Control, the art of pallet pooling.

 

John Stuart, owner of the Melbourne based consultancy firm Pallet Loss Prevention Pty Ltd, fittingly summarizes the problem related to pallet pool management in the Australian market that can be easily applied everywhere:

Pallets are like a black art. People don’t understand how easy it is to lose pallets. When you lose pallets, someone keeps on paying and paying in the hope they will get them back, and they don’t”

Whoever assumes the financial risk for pallet loss, pooler or customer, as this will vary from market to market, choosing an US$ 18.00 wood asset over a US$ 45.00 plastic one, for example, in light of the above is not a difficult one for any Financial Director.

But as we have seen in the Japan Pallet Rental (JPR) article, The Holy Grail of Plastic Pallet Pooling, it is possible to get an almost zero loss rate across tens of millions of pallet movements, suggesting that creating the right control environment material choice is irrelevant. The decision for either, wood or plastic, would be motivated by the degree of operational complexity you want for your business.

Whilst the demand for plastic pallets in Japan was primarily customer driven. JPR in addressing that need may have inadvertently reduced a significant portion of the direct cost structure normally related to supporting a wooden pallet pool. Something that Svenska in Sweden and NLP in Norway may also be benefiting from, combining the operational wash processes of their plastic pallets and RPC’s under the same roof.

This would be a topic for a later article.

There are hundreds of variables and factors to consider when selecting the right material for your pallet pool, based on my experience, it invariably comes down to two key critical elements namely:

  1. Understanding your customers total end to end route to market
  2. Understanding the impact of asset turns and it how affects your total business

In this article I will focus on the first element and discuss the second in a follow up post.

  1. Understanding your customers total end to end route to market

The responsibility, pooler or customer, for pallet recovery from the end of any supply chain will vary from market to market depending on what business models are in play.

However, when the onus is on the pooler, the success of any recovery program comes down to how well you know your customers’ total supply chain and how well you are operationally positioned to support it. With the right data sets and scenario planning tools you have the ability to simulate multiple scenarios. This is incredibly powerful in determining how to position and price your solution against the alternatives available in the market.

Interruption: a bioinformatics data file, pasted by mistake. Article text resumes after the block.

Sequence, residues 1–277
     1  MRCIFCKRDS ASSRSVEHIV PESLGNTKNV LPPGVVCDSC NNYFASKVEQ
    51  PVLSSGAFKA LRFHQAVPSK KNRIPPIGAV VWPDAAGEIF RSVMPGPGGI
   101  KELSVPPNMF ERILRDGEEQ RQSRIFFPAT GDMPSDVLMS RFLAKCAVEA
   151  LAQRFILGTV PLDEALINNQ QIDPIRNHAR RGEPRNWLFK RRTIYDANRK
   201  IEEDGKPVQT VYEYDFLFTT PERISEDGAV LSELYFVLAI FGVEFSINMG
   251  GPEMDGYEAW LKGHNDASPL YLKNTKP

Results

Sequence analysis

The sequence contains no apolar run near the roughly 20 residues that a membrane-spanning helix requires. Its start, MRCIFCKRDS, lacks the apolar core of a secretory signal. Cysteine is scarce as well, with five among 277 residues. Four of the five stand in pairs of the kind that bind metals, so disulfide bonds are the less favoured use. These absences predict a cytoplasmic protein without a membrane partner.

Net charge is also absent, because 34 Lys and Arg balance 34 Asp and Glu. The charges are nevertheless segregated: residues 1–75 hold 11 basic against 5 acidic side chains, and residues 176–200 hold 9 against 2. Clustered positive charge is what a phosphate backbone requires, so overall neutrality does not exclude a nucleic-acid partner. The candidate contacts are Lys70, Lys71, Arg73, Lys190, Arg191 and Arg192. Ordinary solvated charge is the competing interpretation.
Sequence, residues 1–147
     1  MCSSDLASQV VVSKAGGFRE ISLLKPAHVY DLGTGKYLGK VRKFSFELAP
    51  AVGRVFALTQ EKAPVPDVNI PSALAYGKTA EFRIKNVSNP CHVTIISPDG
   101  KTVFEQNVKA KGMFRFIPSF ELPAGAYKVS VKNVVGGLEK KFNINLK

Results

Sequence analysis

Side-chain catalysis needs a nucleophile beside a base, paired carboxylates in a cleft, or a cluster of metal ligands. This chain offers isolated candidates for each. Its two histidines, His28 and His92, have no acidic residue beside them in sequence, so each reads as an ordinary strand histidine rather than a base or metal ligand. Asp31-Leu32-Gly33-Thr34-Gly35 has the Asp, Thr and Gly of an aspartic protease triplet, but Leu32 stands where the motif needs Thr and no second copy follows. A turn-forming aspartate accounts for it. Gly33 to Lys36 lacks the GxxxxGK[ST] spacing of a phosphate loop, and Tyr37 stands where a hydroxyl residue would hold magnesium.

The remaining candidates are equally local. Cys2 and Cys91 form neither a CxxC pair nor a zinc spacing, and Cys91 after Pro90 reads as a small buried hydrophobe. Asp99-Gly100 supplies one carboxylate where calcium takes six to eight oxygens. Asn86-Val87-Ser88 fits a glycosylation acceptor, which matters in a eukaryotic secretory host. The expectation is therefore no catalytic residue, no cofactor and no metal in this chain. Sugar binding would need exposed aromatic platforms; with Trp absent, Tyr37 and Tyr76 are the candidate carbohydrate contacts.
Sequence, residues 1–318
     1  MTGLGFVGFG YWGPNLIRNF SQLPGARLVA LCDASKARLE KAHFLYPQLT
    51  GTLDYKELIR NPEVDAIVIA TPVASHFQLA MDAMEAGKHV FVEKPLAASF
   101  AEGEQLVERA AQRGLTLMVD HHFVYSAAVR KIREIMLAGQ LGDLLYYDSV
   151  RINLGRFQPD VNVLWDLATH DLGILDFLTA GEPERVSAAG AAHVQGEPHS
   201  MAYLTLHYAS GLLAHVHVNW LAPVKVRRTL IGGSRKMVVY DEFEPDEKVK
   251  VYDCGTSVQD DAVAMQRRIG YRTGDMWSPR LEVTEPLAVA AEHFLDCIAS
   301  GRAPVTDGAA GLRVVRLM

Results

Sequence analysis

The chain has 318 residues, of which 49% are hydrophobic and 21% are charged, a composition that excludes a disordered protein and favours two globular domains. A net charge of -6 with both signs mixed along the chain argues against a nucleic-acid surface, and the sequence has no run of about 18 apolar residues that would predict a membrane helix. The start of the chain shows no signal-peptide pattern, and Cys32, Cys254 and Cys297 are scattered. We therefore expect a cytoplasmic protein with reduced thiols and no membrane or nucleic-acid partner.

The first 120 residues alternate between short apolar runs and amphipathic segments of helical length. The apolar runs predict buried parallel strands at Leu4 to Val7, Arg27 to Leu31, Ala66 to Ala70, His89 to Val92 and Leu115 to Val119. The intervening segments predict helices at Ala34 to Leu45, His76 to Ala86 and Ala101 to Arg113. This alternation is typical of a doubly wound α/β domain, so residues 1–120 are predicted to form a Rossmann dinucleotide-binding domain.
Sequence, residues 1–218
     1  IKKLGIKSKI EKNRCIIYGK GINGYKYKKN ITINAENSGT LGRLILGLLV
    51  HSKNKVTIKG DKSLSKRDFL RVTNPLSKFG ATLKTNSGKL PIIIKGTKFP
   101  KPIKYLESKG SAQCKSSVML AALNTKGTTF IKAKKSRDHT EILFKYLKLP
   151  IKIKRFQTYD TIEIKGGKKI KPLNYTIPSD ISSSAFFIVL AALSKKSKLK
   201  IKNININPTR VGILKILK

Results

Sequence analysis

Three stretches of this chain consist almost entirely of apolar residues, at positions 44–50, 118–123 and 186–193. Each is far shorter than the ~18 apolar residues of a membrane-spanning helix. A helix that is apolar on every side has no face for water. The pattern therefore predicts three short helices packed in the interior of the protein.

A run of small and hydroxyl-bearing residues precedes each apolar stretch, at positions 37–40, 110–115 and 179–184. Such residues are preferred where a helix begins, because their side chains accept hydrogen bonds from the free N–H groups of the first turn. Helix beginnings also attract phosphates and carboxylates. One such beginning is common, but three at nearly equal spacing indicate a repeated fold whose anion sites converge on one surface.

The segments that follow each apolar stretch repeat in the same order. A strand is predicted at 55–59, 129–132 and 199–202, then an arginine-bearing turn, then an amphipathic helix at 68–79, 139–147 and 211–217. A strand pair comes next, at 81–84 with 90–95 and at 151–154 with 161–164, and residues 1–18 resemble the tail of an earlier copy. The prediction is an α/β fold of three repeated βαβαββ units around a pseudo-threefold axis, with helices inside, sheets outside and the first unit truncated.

Starting at the end of a customers supply chain and reverse mapping all flows to the point of origin I believe is too often a neglected part of the typical sales process. Emphasis directed at securing the points of production (Revenue) whilst the same attention is not given to the points of consumption (Control & Risk).

I opinion that this was one of the contributing reasons for iGPS’s failure. Their primary focus directed at converting manufacturing customers and not fully understanding the reverse logistics complexity, cost and risks that came with winning them.

“JPR, I believe fully appreciates the importance of control ratios. How they directly impact overall cycle time, that in turn determines number of asset turns which dictates pay back period.”

Having an intimate and detailed understanding of your targeted markets entire supply chain from the beginning is critical to the future success of any returnable packaging solution, pooled or non-pooled.

Knowing what are the total number of ship to locations and where are they relative to the initial points of issue, will provide context as what kind of transport and asset management network needs to be resourced and developed. This also provides insight into where to position your plants or consolidation centers.

Knowing what is the level of cooperation at the end of the supply chain related to pallet management & control will provide perspective where the risk of loss lies & what strategies you could devise to either enhance cooperation or mitigate risk.

Clearly understanding the unit and aggregate costs of the above will assist your decision for which material to invest in. This will influence the type of operation and infrastructure you would need to invest in to support that material choice.

Written by Gavin Keen – GLS Strategy Executive

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